The Senate Immigration Bill proposing Immigration Reform was introduced
to the Senate on April 16, 2013. While it is still in its preliminary
stage, the bill seems to have a good chance of being enacted into permanent
law. Keeping in mind that the bill must be considered by both the Senate
and the House of Representatives and eventually signed into law by the
President, here is a list of the key provisions for the immigrant
Provisional Immigrant Status:
Registered Provisional Immigrant Status
Individuals in unlawful status may apply to adjust their status to the
legal status of Registered Provisional Immigrant Status or RPI. An individual
granted RPI status will be considered as lawfully present in the United
Who Can Apply:
Any individual in unlawful status may apply for RPI status, including those
who have removal orders and those who are currently in removal proceedings.
- Residence in the United States prior to December 31, 2011 and maintenance
of continuous physical presence since this date.
- $500 penalty fee
- Applicable fees required to pay for the cost of processing application
to be determined
- Assessed taxes
- Individual who would otherwise qualify for RPI status will be ineligible if:
- Convicted of an aggravated felony
- Convicted of a felony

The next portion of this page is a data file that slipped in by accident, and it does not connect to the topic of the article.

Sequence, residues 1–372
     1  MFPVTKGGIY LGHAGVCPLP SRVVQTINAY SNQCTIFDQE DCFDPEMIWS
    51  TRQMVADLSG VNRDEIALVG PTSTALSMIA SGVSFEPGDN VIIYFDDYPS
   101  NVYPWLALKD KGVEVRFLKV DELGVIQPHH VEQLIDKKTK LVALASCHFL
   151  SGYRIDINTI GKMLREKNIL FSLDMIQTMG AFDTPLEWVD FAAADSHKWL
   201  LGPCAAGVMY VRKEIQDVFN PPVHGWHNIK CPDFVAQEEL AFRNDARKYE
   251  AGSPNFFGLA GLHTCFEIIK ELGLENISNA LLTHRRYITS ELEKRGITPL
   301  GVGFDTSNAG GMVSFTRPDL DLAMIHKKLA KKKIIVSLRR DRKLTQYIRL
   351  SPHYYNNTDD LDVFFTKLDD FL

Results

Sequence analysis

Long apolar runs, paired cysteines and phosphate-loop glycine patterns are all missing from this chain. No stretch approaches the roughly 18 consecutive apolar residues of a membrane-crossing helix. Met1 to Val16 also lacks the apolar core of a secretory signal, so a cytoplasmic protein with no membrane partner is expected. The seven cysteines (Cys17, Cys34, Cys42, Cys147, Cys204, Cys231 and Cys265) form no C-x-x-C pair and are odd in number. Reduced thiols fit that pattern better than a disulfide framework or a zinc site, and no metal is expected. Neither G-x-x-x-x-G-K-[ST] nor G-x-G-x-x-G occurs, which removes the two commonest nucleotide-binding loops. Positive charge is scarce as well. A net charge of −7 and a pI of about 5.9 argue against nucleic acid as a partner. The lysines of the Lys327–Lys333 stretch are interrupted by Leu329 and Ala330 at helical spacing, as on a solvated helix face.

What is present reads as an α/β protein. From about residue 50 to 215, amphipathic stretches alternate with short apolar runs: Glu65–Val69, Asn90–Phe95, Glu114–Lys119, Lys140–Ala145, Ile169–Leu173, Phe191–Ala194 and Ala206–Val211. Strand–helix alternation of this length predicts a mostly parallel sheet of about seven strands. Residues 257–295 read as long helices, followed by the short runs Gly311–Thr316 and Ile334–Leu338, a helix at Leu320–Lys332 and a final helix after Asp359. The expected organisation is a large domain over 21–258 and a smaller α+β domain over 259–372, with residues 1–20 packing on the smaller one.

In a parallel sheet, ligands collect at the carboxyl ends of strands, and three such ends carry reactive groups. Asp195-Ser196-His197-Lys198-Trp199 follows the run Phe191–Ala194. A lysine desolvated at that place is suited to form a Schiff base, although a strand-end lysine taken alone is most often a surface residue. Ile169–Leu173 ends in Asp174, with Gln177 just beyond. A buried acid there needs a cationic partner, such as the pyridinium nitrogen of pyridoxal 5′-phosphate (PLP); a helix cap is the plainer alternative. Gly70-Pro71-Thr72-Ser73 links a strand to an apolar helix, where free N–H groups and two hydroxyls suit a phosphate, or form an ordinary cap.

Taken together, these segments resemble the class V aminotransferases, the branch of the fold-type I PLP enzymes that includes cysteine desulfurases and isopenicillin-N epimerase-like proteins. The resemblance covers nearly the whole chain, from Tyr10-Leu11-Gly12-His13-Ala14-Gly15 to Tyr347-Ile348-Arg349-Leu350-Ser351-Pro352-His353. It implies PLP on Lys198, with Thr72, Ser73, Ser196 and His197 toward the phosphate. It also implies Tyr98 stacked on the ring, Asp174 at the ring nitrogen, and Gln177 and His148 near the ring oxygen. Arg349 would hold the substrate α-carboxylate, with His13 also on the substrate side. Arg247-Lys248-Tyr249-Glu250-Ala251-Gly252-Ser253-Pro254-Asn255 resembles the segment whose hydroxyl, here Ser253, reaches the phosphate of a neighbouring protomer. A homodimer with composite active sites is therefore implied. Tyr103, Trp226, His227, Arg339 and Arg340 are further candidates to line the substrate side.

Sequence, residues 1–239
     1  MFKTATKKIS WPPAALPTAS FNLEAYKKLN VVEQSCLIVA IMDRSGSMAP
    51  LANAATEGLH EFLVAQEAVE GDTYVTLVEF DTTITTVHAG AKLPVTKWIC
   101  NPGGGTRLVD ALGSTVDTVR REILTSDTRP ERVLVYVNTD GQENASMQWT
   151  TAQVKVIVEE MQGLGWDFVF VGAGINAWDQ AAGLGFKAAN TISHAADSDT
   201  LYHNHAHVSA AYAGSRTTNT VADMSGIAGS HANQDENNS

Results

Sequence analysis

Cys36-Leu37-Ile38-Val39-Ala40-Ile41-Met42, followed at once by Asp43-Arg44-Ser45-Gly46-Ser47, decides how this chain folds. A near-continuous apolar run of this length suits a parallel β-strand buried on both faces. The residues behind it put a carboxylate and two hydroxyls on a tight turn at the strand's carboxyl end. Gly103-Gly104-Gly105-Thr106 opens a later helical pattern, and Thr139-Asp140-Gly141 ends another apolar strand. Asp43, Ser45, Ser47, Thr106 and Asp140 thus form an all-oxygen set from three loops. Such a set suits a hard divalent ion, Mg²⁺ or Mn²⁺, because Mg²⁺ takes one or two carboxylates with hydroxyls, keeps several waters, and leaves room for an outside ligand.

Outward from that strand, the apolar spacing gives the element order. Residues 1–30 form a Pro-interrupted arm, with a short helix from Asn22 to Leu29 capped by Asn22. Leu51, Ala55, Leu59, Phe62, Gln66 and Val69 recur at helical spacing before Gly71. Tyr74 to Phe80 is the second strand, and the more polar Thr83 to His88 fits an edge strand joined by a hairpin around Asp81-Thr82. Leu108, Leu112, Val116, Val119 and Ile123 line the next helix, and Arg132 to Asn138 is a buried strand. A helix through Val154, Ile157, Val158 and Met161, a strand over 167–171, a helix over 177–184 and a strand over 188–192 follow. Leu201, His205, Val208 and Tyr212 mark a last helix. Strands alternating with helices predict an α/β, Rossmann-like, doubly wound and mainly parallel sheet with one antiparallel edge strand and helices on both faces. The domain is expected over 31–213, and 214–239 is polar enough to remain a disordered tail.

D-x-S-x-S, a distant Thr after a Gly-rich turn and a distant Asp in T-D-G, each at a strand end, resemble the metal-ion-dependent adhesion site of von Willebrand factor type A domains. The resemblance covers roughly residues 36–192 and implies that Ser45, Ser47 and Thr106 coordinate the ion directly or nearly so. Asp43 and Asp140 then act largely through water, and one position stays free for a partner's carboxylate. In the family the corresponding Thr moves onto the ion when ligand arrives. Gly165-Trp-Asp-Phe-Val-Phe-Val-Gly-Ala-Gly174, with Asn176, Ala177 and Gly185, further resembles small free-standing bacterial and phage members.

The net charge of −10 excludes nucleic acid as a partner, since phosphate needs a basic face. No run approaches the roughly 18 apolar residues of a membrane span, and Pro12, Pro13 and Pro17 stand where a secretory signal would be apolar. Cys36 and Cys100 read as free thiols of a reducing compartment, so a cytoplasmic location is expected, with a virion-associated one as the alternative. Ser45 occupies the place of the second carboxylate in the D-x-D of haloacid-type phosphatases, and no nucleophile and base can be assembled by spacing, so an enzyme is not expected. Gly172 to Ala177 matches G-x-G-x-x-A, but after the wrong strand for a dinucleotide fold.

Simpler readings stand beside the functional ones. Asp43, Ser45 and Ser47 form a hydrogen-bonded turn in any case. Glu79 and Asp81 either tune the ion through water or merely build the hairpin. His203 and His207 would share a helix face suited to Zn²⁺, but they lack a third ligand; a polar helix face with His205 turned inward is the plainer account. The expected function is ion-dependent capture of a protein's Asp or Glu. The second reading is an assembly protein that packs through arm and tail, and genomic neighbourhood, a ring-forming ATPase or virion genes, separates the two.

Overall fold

- Convicted of 3 or more misdemeanors
- Convicted of an offense under foreign law
- Unlawfully voted
- Inadmissible for Criminal, National Security, Public health or other morality grounds
Spouses and children of people in RPI status can be petitioned for as derivatives
of the applicant (these derivatives must be in the US at the time)
Individuals in RPI status can travel outside of the United States
Individuals in RPI status can work for any employer
Term Length and Renewing RPI Status
RPI status shall last for a period of 6 years.
RPI status will be renewable so long as the individual DOES NOT commit
any acts that would make the individual deportable.
A $500 penalty fee will need to be paid at the time of renewing RPI status.
No Federal Benefits
An individual granted RPI status will NOT be eligible for federal means-tested
Gaining Lawful Permanent Resident Status (Green Card)
An individual who has RPI status for 10 years will be able to adjust (apply)
for Lawful Permanent Residency (green card) if the individual:
- Maintained continuous presence in the United States
- Paid all taxes owed during the period that the individual was in RPI status
- Worked in the United States regularly
- Demonstrated knowledge of Civic and English
DREAM Act Status
People in DREAM Act status can get their green cards after 5 years of RPI
status and will be eligible for citizenship immediately after getting
their green cards.
People in the Agricultural Program can get their green cards after 5 years
of RPI status.
Please keep in mind that this list is not exhaustive. These provisions
are merely proposals. The provisions can be modified, approved, or denied
at any time. Until comprehensive immigration reform is finalized and signed
into law by President Obama, the current immigration laws apply.
If you would like to learn more about the upcoming comprehensive immigration
reform, please contact our office at (562) 464-6934 to speak to one of
our attorneys. Our office provides free consultations.